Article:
The way I see it at the moment, the human race and the future of it, is resting on a knife edge. It could go one way or the other and it’s up to us to decide which way we want to go. If we continue on our current path, sticking to how things have always been done with short-term gains taking priority over actions that are more sustainable, profitable and productive in the long run, then we risk everything. If we keep saying that more money will be put into protecting and enhancing the environment once the economy is secure then really, we are kidding ourselves. If something else always takes priority and nature, the environment and all its processes aren’t given the recognition and importance that they deserve then the future looks bleak.

But it doesn’t have to go that way. Support for nature has to come from the top - our representatives in parliament have to act to support nature and the environment otherwise it won’t get done. The Response for Nature report is a call to action for decision makers, and asks you to recognise that you have a key role to play in helping nature. 

As a young person, I’m really encouraged to read recommendation 6 which is to improve the connection of people to nature, particularly for our children as they will be the next stewards of the natural environment. It proposes that the government should amend the education act to ensure that learning to care for the natural environment is an essential part of a balanced curriculum for all schools in England. 

This would be a huge improvement because from my personal experience, the importance and relevance of nature to our lives is not taught well at any level and by the time you reach secondary school everyone is so obsessed with getting the best grades possible that only the matter of fact processes such as the carbon and water cycle are taught; there seems to be no room or time for the teachers to explain their wider relevance and importance to our day-to-day lives.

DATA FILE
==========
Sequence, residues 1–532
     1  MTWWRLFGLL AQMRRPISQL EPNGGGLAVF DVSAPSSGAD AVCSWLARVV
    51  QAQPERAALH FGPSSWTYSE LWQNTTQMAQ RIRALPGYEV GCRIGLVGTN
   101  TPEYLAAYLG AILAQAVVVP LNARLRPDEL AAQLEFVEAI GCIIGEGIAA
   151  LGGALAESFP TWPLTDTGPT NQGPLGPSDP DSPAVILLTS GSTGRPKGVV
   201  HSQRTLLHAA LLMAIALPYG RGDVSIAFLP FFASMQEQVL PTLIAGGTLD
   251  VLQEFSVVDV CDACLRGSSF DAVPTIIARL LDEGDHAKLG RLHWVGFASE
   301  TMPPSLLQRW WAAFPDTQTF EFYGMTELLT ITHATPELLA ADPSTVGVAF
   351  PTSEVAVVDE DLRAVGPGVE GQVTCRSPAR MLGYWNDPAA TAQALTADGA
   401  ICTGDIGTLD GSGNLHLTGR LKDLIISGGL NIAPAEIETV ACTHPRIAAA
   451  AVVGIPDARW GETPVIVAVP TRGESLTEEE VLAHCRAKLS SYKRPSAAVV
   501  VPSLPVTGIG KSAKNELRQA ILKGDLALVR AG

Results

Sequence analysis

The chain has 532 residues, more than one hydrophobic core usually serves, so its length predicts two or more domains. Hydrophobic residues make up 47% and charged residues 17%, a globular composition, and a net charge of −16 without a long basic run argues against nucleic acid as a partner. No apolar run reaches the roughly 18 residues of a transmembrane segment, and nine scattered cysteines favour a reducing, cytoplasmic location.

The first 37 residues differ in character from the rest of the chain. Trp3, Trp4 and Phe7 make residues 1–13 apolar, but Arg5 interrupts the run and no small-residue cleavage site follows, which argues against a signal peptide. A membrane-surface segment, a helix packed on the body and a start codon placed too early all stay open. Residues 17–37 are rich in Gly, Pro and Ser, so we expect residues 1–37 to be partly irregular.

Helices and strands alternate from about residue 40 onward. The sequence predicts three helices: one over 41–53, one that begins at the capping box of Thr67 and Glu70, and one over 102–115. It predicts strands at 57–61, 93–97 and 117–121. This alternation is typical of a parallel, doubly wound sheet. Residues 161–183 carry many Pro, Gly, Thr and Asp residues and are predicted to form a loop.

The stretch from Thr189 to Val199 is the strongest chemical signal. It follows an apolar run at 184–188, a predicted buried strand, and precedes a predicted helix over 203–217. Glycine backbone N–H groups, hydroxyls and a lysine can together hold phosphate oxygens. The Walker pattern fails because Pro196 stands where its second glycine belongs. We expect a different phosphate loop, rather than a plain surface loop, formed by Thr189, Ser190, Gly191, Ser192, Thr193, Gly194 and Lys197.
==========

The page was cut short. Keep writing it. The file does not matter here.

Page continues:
But it’s not all doom and gloom! There is a fantastic organisation in the UK called A Focus on Nature which is the network for young nature conservationists. It has hundreds of members between the ages of 16 and 30 and two of its key objectives are to promote nature conservation and natural history to young people as well as contributing to a society in which nature is more valued and better protected for the benefit of young people and future generations. Over the last year, AFON has gathered the opinions of many of its members to develop its Vision for Nature report which lays out what members want the natural world to look like by 2050 with ideas on how to achieve it. My friend Matt Williams will be elaborating on this later this evening in a short talk.

As the Response for Nature report sets out, by working together we can be proactive in supporting the government and its agencies to help nature to help us. So what I’d like you all to think about today is do we want to be known as the generation that stood back and did nothing? Or do we want to be known as the people who stood up for nature and did everything we could to ensure a richer and more biodiverse world for generations to come. I know which I’d rather be remembered for!

The line up for the evening